A couple of episodes in, and The Beauty of Diagrams is proving to be very interesting. I’m discovering a lot – especially about this geezer…
To celebrate the release of The Promise by Bruce Springsteen, enjoy Darkness on the Edge of Town on Spotify…
It’s been a while since I listened to it properly… a reminder of how good some of the songs are.
…the collisions obtained were able to generate the highest temperatures and densities ever produced in an experiment.
“This process took place in a safe, controlled environment, generating incredibly hot and dense sub-atomic fireballs with temperatures of over ten trillion degrees, a million times hotter than the centre of the Sun.
“At these temperatures even protons and neutrons, which make up the nuclei of atoms, melt resulting in a hot dense soup of quarks and gluons known as a quark-gluon plasma.”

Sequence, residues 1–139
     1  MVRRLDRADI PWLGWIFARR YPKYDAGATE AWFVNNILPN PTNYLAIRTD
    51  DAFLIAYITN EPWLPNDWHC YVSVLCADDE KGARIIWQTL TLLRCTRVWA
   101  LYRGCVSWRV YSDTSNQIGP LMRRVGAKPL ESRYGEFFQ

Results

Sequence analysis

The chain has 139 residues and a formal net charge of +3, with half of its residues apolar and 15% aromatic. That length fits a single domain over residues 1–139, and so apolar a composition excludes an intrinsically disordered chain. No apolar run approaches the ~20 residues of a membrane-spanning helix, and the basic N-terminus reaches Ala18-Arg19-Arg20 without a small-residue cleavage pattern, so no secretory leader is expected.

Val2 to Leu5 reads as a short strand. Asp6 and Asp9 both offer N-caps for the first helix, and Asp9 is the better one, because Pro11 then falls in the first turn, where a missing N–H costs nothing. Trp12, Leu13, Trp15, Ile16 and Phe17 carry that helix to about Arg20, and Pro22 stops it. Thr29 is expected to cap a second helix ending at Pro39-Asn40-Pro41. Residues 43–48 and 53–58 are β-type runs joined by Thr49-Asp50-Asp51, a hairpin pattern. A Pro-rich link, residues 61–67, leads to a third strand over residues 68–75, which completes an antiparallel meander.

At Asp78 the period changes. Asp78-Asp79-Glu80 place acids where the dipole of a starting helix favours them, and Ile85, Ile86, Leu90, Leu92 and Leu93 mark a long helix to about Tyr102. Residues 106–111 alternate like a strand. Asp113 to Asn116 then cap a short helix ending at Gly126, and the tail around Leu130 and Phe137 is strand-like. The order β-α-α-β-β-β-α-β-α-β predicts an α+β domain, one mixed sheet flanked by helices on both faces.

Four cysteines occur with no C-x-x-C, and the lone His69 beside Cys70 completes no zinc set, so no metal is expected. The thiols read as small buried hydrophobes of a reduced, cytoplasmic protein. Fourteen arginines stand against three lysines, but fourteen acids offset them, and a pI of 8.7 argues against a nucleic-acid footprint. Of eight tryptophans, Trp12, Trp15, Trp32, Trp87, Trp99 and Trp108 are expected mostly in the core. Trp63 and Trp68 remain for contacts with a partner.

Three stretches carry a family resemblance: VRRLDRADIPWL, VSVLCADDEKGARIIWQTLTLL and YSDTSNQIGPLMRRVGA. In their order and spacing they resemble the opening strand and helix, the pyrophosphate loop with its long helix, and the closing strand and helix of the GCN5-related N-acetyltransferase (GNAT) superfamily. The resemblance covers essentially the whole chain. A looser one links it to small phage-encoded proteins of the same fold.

“We have a data-liberation engineering team dedicated to building import and export tools for users. We are not alone. Many other sites allow users to import and export their information, including contacts, quickly and easily. But sites that do not, such as Facebook, leave users in a data dead end,” Google said in a statement. “[W]e will no longer allow websites to automate the import of users’ Google Contacts (via our API) unless they allow similar export to other sites.”
The majority of the Royal Observatory in Greenwich (London) is free to get in and is well worth a visit – perfect if you are interested in the origins of time or the expanse of the universe.
You have to pay to get into the Planetarium, but the show is worth every penny.
Now there is no need to have your own Hadoop cluster – run it on Amazon, which will keep the cost to a minimum. With the help of some new open source software. Check out the first part of the blog post below…
* Strata Week: Political lessons from data land